It occurred to me that sometimes that’s the way it is with our businesses and our lives. We have all these high-tech ways to get leads and to contact people, but ultimately you have to make a personal connection.

People join people they know, like and trust. That takes building relationships.

Next time your business needs a boost, be sure you’re making personal connections with other people.

Steve DeVane

Day-to-day business plan – Simple ways to get where you’re going

Some business strategies take weeks or months to implement. But more important to your success is your day-to-day business plan.

In a previous post, I talked about the problems with approaching your family and friends with your network marketing opportunity. I suggested, instead, to talk with people you meet in the course of your life.

The challenge is getting people to know, like and trust you. People tend to join people they know, like and trust.

The question: How do you get people to know, like and trust you?

The answer: Get to know, like and trust them.

You do that by asking them questions about themselves. There are many possibilities, but here’s two that are simple to remember.

1. What do you do for a living?

This will immediately get the person to talk about his or her work life. If you listen and ask follow-up questions, the person will almost always tell you something they don’t like about their job.

Nearly everyone is frustrated to some extent by work. Sooner or later, they’ll share those frustrations with you.

The great thing about this question is that once they tell you what they do, they’ll almost always ask you what you do. That’s a great opportunity to lay the groundwork for telling them about your opportunity.

It’s important that you give a simple explanation of what you do. Do not launch into a detailed presentation of your business. Odds are you’ll turn them off.

2. What do you like to do in your free time?

This will often reveal the person’s innermost dreams. If you listen closely and ask follow-up questions, the person will tell you what they’d really like to be doing with their life.

The answer will let you ask them how great it would be if they got to do that whenever they wanted. This will lay the groundwork for the time when you share your opportunity with them.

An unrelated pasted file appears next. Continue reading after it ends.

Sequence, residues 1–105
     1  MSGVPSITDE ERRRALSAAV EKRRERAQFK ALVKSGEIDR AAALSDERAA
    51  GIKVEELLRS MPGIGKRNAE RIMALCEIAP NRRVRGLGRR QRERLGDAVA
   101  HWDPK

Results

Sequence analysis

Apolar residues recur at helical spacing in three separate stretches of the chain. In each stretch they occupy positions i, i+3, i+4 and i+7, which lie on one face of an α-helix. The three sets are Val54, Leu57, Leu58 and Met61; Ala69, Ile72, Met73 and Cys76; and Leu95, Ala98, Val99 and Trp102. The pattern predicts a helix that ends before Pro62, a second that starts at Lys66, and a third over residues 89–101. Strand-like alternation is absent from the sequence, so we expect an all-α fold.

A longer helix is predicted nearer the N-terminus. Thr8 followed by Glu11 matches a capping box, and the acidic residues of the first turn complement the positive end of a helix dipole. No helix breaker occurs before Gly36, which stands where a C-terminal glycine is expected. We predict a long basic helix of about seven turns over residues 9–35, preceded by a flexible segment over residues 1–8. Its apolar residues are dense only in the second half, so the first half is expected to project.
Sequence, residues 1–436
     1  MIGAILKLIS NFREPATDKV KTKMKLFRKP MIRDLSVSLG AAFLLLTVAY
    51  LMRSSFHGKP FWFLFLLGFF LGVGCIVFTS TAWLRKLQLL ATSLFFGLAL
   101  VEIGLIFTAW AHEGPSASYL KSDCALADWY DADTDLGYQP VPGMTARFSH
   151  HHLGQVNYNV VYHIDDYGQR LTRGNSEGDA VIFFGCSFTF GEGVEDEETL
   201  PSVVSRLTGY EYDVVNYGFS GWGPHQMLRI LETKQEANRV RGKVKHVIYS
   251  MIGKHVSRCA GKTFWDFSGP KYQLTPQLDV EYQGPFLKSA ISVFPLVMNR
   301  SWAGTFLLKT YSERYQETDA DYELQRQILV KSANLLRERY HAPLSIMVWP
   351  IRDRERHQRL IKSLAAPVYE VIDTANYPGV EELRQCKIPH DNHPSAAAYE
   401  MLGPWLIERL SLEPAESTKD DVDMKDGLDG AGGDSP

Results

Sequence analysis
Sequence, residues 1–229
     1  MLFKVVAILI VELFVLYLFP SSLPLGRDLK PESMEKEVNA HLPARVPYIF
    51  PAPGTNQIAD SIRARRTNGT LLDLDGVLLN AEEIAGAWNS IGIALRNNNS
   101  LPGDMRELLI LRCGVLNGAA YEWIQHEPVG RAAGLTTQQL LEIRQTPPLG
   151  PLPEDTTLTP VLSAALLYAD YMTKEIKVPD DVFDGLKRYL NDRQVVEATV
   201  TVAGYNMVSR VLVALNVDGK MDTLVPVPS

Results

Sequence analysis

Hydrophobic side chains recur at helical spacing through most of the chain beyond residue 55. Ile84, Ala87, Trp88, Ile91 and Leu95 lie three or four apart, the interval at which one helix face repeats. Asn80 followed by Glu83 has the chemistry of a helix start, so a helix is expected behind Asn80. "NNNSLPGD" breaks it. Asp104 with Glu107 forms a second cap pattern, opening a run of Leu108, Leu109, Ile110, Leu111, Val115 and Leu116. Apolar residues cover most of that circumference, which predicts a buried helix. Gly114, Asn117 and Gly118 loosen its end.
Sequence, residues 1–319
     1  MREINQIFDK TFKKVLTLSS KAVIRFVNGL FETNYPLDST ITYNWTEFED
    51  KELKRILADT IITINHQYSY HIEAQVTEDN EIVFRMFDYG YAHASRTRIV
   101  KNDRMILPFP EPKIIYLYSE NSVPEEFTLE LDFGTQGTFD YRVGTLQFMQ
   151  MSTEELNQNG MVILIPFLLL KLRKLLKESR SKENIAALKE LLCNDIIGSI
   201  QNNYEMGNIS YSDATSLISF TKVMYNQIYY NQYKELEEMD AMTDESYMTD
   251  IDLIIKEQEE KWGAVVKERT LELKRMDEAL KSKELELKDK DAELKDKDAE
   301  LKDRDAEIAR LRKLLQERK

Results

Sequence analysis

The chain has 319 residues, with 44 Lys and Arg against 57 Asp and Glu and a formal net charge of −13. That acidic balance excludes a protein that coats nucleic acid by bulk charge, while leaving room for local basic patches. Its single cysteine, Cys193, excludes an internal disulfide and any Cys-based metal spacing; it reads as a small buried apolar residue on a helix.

These questions will help you begin to build a relationship with people. You have to do that if you want people to know, like and trust you.

And you have to build that relationship with no agenda. They’ll never know, like or trust you if you pressure them with your opportunity.

Once you have that relationship, an opportunity will present itself to share your products or services and company. That’s the way your business will grow.

Steve DeVane
I learned how to build a strong business from this mentoring program.

Best home-based business — Examine your options

Have you ever made a mistake that you know you wouldn’t have made if you’d studied the issue more. Taking that extra effort to investigate your options can make a difference when you’re looking at network marketing companies.

When you’re looking for a way to make extra income from home, it pays to do some research.

Many people in network marketing are often behind from the very beginning because they didn’t take a good, long look at the opportunity they joined.

Here’s a pretty good rule of thumb. When someone is talking to you about their opportunity, ask for specifics.

For example if someone tells you that they can promise that you’ll be able to sign up 25 people in your first month, ask for the names and phone numbers of the 25 people he signed up in the last month. That’s fair, but it will probably end the conversation.

Perhaps, the person is just starting out. OK. Then ask for information about the 25 people that his upline sponsored last month.

It’s not outside the realm of possibility to sign-up 25 people in a month. Unfortunately, even if you pull it off, you’ll never be able to build strong relationships with all of them.

And if you can’t build relationships, you’re going to have a tough time succeeding in network marketing. The easiest way to succeed is to find a network marketing company with a proven system that helps you build relationships with your distributors.

Steve DeVane